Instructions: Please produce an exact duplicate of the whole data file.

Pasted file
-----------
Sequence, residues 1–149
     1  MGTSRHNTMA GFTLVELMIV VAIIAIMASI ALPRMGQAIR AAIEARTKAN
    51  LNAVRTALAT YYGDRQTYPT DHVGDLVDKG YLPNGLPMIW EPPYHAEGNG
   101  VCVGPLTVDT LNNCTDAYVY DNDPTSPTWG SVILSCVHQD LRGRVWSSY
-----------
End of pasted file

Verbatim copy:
Sequence, residues 1–149
     1  MGTSRHNTMA GFTLVELMIV VAIIAIMASI ALPRMGQAIR AAIEARTKAN
    51  LNAVRTALAT YYGDRQTYPT DHVGDLVDKG YLPNGLPMIW EPPYHAEGNG
   101  VCVGPLTVDT LNNCTDAYVY DNDPTSPTWG SVILSCVHQD LRGRVWSSY